Permission to use Aerial Footage

Govmap has an excellent aerial map of Israel. The map is far more hi-res than bing, and can publicly be found here - On the top right corner of the map screen, click “מפת רקע” and change it to “תצלום אוויר”.

I contacted them via Email, asking them if we could use the imagery. They replied, and they asked me to contact them via phone to discuss this further. But I feel I am not in this right position for this. I am relatively new here, and some of you know OSM far better than me and can have a more meaningful conversation with them. Would anyone experienced like to contact them? (Perhaps the Hiking Map fellows).

OSM is an open community and since you have an agenda that you would like to promote I see no reason you should not be the person who contacts them. :slight_smile:
I think the following question might be relevant as far as I’m concerned:

  1. Can we use this map instead of google earth for Israel in sites that present a map (e.g. IHM)?
  2. Can we use this map in order to trace lines on it (Google did not give this permit to OSM, bing did)?
  3. Can this map be exposed as a slippy map?
  4. There was a long discussion in this forum about firezones, might be worth mentioning.
  5. Anything else that comes to mind…

Good luck!

govmap is using Isreali projections while OSM, GPSes and all global sites are using WGS84.

From a practical standpoint, it means that we cannot use the aerial photos in OSM tools, such as the editors.

One could use screen captured portions as background to the data layer whenever an area needs high resolution.

More ambitiously, one could come up with a conversion tool, such as an HTTP proxy server translating the /{X}/{Y}/{Z} tiles requested by e.g. JOSM to the proper corresponding URL. (I have not looked deeply into this. This could be far trickier e.g. if the tile zooms differ)

I’m afraid screenshots don’t solve the problem. There is still the need to rotate the picture and adjust the x an y lengths by different factors. Moreover, this transformation is position-dependent.

Mind explaining that part?

Map projection is the way a 3 dimention object, like the earth, is presented by a 2 dimension object, like a map.

Different maps use different definitions of the earth 3D sizes, and different projections.

For more information about projections, please seehttps://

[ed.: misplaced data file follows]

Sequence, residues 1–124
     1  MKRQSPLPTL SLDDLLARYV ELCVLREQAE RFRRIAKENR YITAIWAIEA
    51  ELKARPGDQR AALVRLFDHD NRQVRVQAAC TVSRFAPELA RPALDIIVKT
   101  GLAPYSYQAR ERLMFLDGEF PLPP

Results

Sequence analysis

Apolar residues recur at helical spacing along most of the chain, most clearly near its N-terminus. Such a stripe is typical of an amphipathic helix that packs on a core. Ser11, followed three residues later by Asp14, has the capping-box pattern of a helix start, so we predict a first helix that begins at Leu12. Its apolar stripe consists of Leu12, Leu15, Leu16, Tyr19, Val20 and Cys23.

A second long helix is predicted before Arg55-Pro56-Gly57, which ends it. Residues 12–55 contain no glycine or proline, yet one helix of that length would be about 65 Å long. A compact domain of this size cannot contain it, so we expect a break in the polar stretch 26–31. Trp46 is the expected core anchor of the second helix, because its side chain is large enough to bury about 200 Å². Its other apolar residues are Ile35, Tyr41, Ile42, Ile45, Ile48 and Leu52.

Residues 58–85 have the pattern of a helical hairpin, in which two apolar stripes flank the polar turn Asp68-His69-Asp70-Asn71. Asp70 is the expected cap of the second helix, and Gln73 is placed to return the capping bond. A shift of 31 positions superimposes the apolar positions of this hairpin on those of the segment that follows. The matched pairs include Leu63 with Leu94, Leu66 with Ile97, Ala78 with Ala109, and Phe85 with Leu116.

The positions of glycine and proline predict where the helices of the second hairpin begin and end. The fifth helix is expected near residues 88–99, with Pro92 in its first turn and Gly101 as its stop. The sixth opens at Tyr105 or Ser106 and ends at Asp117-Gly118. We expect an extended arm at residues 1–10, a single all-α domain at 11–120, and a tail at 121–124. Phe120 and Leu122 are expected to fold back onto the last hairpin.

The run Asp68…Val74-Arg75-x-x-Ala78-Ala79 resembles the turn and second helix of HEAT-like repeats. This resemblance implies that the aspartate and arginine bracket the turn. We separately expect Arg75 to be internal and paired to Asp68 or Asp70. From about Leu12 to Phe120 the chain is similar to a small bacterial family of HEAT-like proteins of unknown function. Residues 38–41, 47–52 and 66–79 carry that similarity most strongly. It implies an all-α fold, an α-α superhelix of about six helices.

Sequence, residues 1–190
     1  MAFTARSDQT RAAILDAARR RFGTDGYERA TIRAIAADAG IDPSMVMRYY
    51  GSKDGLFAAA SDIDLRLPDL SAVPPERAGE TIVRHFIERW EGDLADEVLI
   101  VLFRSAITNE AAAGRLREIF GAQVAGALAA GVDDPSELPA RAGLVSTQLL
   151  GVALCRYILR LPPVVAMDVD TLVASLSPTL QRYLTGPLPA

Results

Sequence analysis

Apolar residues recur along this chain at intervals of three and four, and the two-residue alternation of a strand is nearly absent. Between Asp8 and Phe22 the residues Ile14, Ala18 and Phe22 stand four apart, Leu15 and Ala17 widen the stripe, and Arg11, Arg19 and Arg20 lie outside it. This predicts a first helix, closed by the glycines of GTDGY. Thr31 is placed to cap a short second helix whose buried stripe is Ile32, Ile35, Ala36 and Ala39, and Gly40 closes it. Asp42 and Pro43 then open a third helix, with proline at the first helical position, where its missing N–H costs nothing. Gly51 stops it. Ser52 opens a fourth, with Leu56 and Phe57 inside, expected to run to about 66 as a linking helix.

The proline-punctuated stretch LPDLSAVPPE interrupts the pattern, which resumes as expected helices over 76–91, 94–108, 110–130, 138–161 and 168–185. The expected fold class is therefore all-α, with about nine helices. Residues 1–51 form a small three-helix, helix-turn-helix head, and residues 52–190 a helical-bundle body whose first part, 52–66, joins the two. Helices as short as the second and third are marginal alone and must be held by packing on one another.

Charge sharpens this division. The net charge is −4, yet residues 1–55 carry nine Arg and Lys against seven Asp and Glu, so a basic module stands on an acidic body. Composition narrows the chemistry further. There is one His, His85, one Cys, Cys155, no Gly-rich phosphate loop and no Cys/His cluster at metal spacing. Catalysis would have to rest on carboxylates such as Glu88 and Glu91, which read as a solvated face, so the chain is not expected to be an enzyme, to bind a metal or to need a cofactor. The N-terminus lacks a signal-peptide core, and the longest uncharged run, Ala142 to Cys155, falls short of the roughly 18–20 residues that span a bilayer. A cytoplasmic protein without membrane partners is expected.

I managed to manually align a single tile to Bing’s layer with ease using PicLayer only by scaling (both axis evenly) and then properly positioning it.

This might work for some tiles but when you’ll try to see them one next to the other it might look bad…

It doesn’t have to be a complete map to be useful. I’m saying that even without resolving the technical problems mentioned by @zstadler, we can still we have a “poor man’s solution”: For a dense area, grab a screenshot or some tiles, manually align them to Bing/Mapbox using PicLayer. It doesn’t give a complete map, but it does give hi-res Aerial photos for a particular area. It’s still worth it for dense urban areas or areas where road visibility is hard due to forests.

Here’s an example of an area where that would have been useful. As of now I mapped it using Mapbox and some surveys. I am pretty sure I have some inaccuracies and lots of missed small roads between the houses. A manually aligned Govmap screenshot would have helped a lot.

By the way, as of now, I have not contacted them yet.

Can you PM/email me with their contact details? I might do that. However, as far as I know, they don’t own the imagery directly, and this could be the main problem. The imagery is made by Ortophoto (I think), and likely purchased by the mapping institute, but it is actually much higher-res and used in many Israeli services not directly run by the mapping institute. For example, Tel Aviv’s iView system offers the same imagery but with amazing resolution.

I sent you a PM.

Oh yes you can. At least in JOSM there are two methods now:

  • change the projection in which JOSM works in the Preferences to the native one of your imagery, e.g. by selecting the appropriate EPSG number
  • or use the new re-projecting feature in JOSM, that re-projects the image layer to the projection you are currently using

(Please note that I refer to the technical possibility, not to legal/license requirements)